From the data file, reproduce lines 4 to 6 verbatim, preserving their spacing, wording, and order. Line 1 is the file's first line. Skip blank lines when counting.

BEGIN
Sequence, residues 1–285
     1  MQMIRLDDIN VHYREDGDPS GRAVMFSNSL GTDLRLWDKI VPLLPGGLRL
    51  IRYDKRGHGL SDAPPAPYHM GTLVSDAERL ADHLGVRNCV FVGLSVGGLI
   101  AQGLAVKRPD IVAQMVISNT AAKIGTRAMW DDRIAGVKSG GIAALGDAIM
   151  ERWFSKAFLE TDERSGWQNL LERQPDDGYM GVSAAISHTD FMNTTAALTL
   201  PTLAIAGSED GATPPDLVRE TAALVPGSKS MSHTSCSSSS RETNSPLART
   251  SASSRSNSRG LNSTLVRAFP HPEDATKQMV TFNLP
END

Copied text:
   101  AQGLAVKRPD IVAQMVISNT AAKIGTRAMW DDRIAGVKSG GIAALGDAIM
   151  ERWFSKAFLE TDERSGWQNL LERQPDDGYM GVSAAISHTD FMNTTAALTL
   201  PTLAIAGSED GATPPDLVRE TAALVPGSKS MSHTSCSSSS RETNSPLART